Things have been great lately. Really, really great. It’s not an overstatement to say that 2015 has so far been one of the best years of my life. I’m watching my dreams come true, literally. You can almost see it on my face in this picture from my first author event. Since I was a little girl I’ve wanted to be an author, and now I am one. I’ve written a book that I can hold in my hands, and it feels wonderful. People are buying this book and reading it and telling me in social media comments, emails, and old-fashioned handwritten letters how much it means to them.
We had a fantastic party this month at The Charleston Museum to celebrate the print release of the book, and it was everything I had dreamed it would be. My hair and makeup and dress were almost flawless, the balloons and decorations and food were nearly perfect (with a lot of help from my friends), and the over 40 people in attendance – from my friends’ 1-year-old twins to people I work with at the hospital to senior members of our church – all seemed to enjoy the festivities. I read selections from my book and signed dozens of copies. The day was a blur of joy. Some of the most important people in my life were there, friends who drove from hours away, my parents who came all the way from Kentucky, and one person I hadn’t even imagined being in attendance when I planned the party (because I hadn’t met him yet), my boyfriend – my kind, funny, brilliant, gorgeous, practically-perfect-in-every-way boyfriend. See what I mean? Dreams are coming true all over the place!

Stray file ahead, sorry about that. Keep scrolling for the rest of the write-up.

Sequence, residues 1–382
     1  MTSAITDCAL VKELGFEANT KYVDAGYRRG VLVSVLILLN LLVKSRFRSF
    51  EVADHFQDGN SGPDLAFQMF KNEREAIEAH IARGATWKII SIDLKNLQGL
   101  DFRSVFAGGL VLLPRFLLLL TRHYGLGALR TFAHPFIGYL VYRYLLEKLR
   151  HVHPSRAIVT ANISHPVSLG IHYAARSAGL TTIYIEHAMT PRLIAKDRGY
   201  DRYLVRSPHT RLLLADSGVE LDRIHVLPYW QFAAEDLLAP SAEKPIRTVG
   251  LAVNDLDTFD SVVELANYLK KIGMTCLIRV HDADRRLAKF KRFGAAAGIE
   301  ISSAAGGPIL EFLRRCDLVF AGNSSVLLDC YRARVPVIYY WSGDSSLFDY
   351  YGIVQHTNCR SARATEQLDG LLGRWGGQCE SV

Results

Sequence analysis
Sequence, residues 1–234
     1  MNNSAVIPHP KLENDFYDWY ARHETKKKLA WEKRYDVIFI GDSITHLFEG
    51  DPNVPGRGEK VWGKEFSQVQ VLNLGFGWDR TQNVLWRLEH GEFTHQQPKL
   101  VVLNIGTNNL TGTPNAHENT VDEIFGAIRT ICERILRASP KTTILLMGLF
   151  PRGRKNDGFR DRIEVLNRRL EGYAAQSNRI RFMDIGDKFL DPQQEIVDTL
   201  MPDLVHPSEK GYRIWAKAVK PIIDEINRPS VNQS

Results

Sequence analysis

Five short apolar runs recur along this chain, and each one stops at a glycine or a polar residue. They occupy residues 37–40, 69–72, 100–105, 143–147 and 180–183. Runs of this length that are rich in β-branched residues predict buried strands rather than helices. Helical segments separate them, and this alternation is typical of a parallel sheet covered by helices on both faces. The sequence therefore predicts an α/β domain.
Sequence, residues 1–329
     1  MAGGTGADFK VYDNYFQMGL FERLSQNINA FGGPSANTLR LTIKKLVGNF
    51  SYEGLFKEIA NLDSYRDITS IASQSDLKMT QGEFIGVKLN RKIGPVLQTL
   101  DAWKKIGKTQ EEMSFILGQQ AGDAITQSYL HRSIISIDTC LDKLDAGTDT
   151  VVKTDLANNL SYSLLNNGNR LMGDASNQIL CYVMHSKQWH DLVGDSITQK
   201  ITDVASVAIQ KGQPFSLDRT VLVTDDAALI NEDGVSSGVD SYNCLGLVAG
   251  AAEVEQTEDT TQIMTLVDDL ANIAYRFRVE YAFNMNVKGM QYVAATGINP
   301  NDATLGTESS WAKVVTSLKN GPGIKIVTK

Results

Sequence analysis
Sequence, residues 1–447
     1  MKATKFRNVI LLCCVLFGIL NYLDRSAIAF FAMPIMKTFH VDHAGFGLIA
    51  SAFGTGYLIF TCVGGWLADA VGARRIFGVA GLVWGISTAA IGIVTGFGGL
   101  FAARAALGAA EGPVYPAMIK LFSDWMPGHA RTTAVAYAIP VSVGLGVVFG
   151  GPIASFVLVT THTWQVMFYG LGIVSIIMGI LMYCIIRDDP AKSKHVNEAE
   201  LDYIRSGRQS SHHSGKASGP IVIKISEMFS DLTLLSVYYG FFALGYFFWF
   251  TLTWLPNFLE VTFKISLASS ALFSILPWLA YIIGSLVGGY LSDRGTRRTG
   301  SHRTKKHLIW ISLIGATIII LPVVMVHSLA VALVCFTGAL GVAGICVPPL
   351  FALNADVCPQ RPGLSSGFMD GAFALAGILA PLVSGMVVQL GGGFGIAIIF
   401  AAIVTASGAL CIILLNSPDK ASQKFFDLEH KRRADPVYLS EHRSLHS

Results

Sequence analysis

In the midst of all of this, the reasons I had started taking anti-depressant/anti-anxiety medication a year ago were hard to remember. Things seemed so much better now. I felt so much happier, calmer, more focused and together than I was back then. So I decided that it would be a good time to stop taking the meds. Let me say this: I do not advise anyone to stop taking their medication unless directed by a doctor, and sometimes, even when it’s suggested by your doctor, it’s really not a good idea. My doctor had told me that after a year, she likes to take her patients off the SSRI temporarily to evaluate whether it’s still the right dosage, and still necessary. It sounded reasonable to me, and like I said, things were going unbelievably well, so why not?
As the doctor suggested, I began weaning myself off the meds gradually, taking a pill every other day instead of once a day as usual for a week or so. And for a while, it was fine. Once the bottle was empty, I didn’t renew the prescription right away. I knew the medicine would continue to affect my brain chemistry for a few days at least. And at first, I didn’t notice any change in the way I thought or behaved. But by the end of a week in which a lot was going on — a lot of good things, but still a lot — I began to feel like Lloyd Bridges in the movie Airplane. (If you’re younger than me, you might need to watch the clip to get that reference.)
It was the wrong week to quit. For starters, I’m not sure there is a “right” week to stop treating the symptoms of depression and anxiety, at least not for me at this point in my life. Depression is a disease; it doesn’t just go away because you feel better. With time and counseling and lifestyle changes, some people do find that they no longer need the medication, I know. It’s clear that that’s not me, at least not right now. Part of that may be because right now, there is too much happening in my life.